As I said, I don’t think the company was particularly fair to Briskman, who is young and like most of the resistance, lacks judgment and proportion. I doubt that anyone would take it out on her employers that they employed a rude and immature jerk as a marketing analyst. It need not have fired her. Still, Virginia is an employment at will state where you can be fired for having an obnoxious laugh. As Ethics Alarms has held here frequently regarding professors who post racist rants on social media and episodes like that of Adam Smith, the so-called Chick-Fil-A Video Vigilante who verbally abused a Chick-Fil-A employee and posted the video of him doing so, companies have every right to regard an employee whose public behavior embarrasses their employers as a liability, and to treat them as such. It isn’t kind, and it isn’t compassionate, but as I wrote about Smith,

“I can’t blame anyone who doesn’t want to be represented by a man whose judgment was this wretched and who is best known for bullying an innocent minimum wage employee because he didn’t like her boss’s take on gay marriage. Actions have consequences, and while the cumulative effects of the foolish and damning video have been excessive, no individual component of it is. Someone should be kind, obey the Golden Rule and give Smith a shot at redemption, but no one individual is ethically obligated to do so. Smith’s sad fate, which extends to his family, is still his own doing, and he alone is accountable.”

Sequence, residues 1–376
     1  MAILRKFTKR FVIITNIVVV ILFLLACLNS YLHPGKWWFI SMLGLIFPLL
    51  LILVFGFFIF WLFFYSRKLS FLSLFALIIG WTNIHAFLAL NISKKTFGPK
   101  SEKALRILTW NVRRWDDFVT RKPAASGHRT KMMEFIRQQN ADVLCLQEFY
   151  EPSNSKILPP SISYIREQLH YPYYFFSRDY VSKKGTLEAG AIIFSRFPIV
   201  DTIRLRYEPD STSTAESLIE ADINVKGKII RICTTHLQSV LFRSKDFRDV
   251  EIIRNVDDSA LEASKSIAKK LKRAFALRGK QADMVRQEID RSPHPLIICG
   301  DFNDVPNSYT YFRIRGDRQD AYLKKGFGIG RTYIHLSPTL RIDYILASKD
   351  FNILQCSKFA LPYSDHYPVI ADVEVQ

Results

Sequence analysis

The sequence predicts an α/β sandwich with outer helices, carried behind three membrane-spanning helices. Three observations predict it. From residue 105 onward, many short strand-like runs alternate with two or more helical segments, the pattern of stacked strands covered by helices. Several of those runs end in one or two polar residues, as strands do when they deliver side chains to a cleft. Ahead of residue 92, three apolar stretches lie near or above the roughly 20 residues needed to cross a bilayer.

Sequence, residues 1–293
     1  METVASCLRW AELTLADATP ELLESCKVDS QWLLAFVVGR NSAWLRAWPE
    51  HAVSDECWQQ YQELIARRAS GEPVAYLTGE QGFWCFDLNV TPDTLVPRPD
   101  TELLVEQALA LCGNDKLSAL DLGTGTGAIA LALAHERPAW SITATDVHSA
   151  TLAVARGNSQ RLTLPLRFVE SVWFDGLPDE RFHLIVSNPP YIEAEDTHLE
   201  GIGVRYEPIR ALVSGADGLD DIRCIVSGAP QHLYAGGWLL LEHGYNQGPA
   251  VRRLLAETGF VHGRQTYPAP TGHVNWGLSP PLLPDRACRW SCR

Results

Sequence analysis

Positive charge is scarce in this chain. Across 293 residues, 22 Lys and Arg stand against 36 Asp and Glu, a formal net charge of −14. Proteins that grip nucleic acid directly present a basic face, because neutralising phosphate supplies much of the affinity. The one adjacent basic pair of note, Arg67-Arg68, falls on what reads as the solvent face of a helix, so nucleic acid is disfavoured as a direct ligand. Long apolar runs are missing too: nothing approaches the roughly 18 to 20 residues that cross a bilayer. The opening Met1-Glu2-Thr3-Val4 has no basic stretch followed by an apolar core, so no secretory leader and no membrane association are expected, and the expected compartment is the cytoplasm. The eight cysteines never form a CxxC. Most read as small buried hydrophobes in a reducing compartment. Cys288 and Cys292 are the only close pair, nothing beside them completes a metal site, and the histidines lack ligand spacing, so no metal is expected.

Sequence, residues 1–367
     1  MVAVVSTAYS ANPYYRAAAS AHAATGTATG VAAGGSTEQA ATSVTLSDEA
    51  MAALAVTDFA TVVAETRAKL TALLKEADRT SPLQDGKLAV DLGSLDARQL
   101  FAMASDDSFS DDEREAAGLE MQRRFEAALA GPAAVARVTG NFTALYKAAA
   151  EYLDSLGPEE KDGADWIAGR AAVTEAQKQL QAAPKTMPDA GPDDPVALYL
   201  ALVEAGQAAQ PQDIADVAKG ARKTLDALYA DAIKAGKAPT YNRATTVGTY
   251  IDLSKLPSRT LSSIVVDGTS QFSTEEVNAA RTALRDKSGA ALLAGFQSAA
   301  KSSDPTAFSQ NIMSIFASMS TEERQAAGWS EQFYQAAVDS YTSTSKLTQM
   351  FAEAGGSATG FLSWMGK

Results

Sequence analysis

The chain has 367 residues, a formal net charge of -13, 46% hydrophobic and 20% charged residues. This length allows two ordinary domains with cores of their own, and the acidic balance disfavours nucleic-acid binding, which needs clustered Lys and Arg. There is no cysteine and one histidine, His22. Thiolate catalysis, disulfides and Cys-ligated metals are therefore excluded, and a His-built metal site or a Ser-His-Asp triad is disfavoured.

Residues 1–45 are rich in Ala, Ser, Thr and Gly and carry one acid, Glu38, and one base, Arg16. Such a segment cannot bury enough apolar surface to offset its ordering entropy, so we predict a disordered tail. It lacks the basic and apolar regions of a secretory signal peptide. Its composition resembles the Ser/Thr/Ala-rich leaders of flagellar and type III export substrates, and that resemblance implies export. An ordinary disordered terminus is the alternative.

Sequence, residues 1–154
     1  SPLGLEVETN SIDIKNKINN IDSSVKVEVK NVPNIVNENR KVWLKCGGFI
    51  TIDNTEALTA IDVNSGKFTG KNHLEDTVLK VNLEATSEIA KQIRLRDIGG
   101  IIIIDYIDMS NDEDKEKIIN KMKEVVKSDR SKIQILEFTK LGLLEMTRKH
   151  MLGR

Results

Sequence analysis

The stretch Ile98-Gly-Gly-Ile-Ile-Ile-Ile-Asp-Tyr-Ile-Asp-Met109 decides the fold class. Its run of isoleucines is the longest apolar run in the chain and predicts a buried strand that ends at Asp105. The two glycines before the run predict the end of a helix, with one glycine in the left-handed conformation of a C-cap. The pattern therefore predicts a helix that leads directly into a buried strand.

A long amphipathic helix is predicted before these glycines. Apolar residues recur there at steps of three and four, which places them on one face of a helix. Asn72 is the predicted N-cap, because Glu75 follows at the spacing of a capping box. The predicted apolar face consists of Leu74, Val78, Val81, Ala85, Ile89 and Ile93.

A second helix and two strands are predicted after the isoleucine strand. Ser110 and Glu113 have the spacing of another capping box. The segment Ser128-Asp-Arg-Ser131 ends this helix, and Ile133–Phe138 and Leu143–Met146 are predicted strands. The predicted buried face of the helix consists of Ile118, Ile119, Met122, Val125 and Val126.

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“Trying To Bring Ethics To Project Veritas? How Dare You? GET OUT!”

James O’Keefe is the famous or infamous (depending on your point of view and whether you believe that the ends justify the means) guerrilla hidden-camera master who sets out to deceive Democrats, liberals and progressives into exposing their evil ways. He is not a journalist. He is an unethical conservative operative who has, though dishonest means, occasionally managed to expose wrongdoing or hypocrisy. He is to an ethics blog what Rice Krispie Squares are to Fine Dining Magazine.